In the chart below we show correlations of both the MPI BarclayHedge Elite Systematic Traders Index and the BEST20 Tracker with the 60-40 portfolio as well as S&P 500 Index and Bloomberg Barclay Aggregate Bond Index over the trailing three and five years. The tracker maintains consistently low (negative) correlation with equities and bonds in particular – similar to that of the target index of hedge funds.[8]


John Bogle’s family lost most of its savings in the 1929 market crash, and Jack’s early education had to be financed by his uncle[1]. Bogle devoted his life to providing investors access to low cost and consistently performing indices and spurred what has become a $10 trillion market. If the Vanguard S&P 500 index fund had existed in 1929, it wouldn’t have saved the Bogles from tremendous losses…but a portion invested in something like the BEST20 Tracker could have helped.


[1]Managed Futures: A Risk-Off Solution?”, by Aric Light, CFA Institute December 2022

[2] “The Potential Role of Managed Commodity-financial Futures Accounts (and/or Funds) in Portfolios of Stocks and Bonds”, by John Virgil Lintner, 1983.

[3] 60% S&P 500 Index, 40% Bloomberg Barclays Aggregate Bond Index, quarterly rebalanced.

[4] Put-buying strategies also have good downside protection, but do not provide positive returns in aggregate periods.

[5] The impact of fees is even more pronounced for FoF and Multi-advisor funds which have muted performance caused by offsetting bets of diverse set of trend-following strategies. This also can be observed among liquid alternative mutual funds. The average net expense ratio for the ten largest (by AUM) managed futures mutual funds is 1.5% (Source: Morningstar; as of April 2023). However, some managed-futures funds of funds in a mutual fund format charge additional 1-2% management fee and 15%-35% performance fee on the individual fund level. These fees sometimes are not disclosed in the prospectus and are not incorporated into the standard mutual fund expense ratio calculation.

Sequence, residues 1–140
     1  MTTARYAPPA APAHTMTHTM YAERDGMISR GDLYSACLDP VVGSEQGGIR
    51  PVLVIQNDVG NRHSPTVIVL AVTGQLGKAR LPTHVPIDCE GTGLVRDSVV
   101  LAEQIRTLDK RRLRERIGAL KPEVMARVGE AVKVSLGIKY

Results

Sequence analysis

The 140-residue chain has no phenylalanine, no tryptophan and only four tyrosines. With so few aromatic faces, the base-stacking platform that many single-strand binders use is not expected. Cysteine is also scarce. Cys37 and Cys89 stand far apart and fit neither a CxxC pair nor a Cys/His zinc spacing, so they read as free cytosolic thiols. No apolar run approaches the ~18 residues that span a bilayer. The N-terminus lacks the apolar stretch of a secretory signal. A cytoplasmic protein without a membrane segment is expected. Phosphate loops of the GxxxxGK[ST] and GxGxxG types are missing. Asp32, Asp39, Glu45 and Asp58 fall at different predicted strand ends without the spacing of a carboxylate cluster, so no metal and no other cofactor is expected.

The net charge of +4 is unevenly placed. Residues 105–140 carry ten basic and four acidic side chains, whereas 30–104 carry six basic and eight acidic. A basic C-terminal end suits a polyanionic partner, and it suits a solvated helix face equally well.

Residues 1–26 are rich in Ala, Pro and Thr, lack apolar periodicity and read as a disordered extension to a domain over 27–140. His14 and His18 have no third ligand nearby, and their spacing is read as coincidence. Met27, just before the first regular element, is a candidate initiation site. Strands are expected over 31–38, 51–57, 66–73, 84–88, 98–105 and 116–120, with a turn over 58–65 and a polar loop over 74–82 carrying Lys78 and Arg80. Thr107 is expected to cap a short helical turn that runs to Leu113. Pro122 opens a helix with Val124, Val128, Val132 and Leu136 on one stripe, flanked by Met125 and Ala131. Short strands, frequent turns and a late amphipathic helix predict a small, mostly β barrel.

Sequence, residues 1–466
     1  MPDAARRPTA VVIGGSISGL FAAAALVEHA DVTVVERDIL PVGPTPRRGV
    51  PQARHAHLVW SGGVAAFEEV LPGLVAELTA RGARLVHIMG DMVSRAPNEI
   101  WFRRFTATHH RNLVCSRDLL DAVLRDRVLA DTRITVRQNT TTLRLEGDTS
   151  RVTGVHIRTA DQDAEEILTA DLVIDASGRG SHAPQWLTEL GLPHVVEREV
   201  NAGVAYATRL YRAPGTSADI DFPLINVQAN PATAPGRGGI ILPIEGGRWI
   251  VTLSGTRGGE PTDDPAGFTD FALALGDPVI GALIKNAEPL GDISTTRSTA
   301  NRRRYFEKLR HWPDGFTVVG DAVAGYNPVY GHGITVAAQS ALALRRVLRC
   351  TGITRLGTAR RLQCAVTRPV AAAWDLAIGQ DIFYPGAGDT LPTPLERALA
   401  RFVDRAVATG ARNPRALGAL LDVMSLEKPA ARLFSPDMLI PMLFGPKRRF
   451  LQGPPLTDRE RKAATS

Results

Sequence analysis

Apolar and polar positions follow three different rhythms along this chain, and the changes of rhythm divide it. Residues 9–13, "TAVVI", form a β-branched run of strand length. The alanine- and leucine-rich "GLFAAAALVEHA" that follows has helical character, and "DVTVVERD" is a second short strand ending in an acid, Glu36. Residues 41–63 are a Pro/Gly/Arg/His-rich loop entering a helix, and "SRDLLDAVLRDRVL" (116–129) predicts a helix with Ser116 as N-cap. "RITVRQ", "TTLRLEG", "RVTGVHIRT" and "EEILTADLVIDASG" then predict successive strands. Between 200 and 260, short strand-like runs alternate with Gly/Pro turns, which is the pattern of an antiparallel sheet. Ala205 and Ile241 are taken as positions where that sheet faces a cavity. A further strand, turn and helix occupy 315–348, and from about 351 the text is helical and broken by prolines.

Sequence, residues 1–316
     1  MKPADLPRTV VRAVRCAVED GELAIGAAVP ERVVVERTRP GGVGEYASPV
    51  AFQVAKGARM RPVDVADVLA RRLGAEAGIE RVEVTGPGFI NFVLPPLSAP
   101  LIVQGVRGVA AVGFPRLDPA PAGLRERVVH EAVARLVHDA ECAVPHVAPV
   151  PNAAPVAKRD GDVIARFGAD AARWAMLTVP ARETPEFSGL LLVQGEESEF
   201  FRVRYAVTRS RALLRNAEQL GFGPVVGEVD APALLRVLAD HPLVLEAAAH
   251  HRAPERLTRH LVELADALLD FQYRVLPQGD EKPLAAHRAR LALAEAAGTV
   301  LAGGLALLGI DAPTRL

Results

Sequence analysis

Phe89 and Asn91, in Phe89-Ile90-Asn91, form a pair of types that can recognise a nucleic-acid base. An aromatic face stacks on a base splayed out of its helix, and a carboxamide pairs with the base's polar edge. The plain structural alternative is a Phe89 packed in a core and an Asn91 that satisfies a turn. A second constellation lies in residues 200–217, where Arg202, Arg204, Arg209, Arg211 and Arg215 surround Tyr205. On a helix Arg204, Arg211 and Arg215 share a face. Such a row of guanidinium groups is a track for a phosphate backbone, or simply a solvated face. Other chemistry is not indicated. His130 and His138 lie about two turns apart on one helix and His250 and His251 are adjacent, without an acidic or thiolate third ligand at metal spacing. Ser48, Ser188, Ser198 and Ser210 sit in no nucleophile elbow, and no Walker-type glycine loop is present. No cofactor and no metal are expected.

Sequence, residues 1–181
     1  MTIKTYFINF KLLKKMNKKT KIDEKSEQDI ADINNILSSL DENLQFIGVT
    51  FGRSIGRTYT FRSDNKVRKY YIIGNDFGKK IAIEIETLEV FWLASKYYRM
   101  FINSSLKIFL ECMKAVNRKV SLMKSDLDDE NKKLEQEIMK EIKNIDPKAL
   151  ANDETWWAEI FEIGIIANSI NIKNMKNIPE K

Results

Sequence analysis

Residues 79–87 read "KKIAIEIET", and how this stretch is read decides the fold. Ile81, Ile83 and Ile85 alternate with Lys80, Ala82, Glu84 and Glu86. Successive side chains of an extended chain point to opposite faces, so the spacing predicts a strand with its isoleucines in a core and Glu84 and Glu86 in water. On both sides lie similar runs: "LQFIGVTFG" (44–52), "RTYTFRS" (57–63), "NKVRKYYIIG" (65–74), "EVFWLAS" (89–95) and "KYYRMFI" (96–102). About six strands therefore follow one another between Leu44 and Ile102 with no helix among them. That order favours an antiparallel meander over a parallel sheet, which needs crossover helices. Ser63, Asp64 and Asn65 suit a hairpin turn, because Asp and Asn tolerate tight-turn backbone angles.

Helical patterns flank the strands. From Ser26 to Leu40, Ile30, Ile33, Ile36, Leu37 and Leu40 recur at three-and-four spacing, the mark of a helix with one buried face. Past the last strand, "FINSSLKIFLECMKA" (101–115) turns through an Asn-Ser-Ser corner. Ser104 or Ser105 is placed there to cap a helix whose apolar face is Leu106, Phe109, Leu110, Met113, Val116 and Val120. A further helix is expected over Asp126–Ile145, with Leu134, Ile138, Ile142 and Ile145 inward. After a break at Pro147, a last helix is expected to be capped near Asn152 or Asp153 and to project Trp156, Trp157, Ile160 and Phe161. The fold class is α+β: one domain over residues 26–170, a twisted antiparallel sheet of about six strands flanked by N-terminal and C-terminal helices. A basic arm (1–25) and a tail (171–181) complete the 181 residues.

[6] MBEST20T tracker is rebalanced weekly and priced using a diversified set of highly liquid instruments spanning equities, commodities, fixed income and FX.

[7] Please see “Credit Suisse Liquid Managed Futures Index” and  “Loomis Sayles Managed Futures Index” as representative examples of investible managed futures indices.

[8] We present correlations rather than covariances for simplicity and scale. More precisely, the diversification power of an asset is proportional to covariance of the asset with the portfolio. However the covariance charts will produce similar results given that the volatility of the tracker and the index are similar.


About the Authors:

Dr. Li is the Director of Index Research at Markov Processes International responsible for the creation, implementation and management of MPI’s hedge fund indices and investible trackers as well as the development of the firm’s factor driven research models. He is a key contributor to MPI’s globally recognized RBSA industry leading thought-leadership and serves as the firm’s subject matter expert on developing and applying quantitative research methods to evaluate hedge funds, mutual funds and liquid alternative products.


Dr. Li has many academic publications focusing on hedge fund analysis, replication and liquid alternative indexing. Together with Prof. Russ Wermers, Michael Markov he co-authored the paper “Monitoring Daily Hedge Fund Performance When Only Monthly Data is Available,” which won the “Best Paper” award in Journal of Investment Consulting, Spring 2013. He also serves as a professional mentor and academic advisor for NYU’s Mathematics in Finance program and Columbia University’s Operation Research program.

Dr. Li earned a PhD in Economics with a concentration in Finance from Binghamton University. His doctoral thesis focused on analyzing mutual fund performance persistence using Markov Chain Monte Carlo with Bayesian models.

Michael Markov is co-founder and chairman of Markov Processes International, Inc. (“MPI”), a fintech provider of investment research solutions.


In 1992, recognizing the power that quantitative analysis delivers investors, he led the development of the industry’s first returns-based style analysis application based on Bill Sharpe’s groundbreaking methodology. Continuing this spirit of innovation, he co-authored Dynamic Style Analysis (“DSA”), a significant advancement to legacy returns-based modeling techniques for investors seeking the most precise analysis of managed investment products and portfolios. Being an industry expert in quantitative analysis, Michael is a frequent speaker at investment management forums around the globe on fund performance attribution, due diligence and monitoring, investment risk management, and hedge fund analysis. His thoughts and opinions are regularly sought by the leading financial press.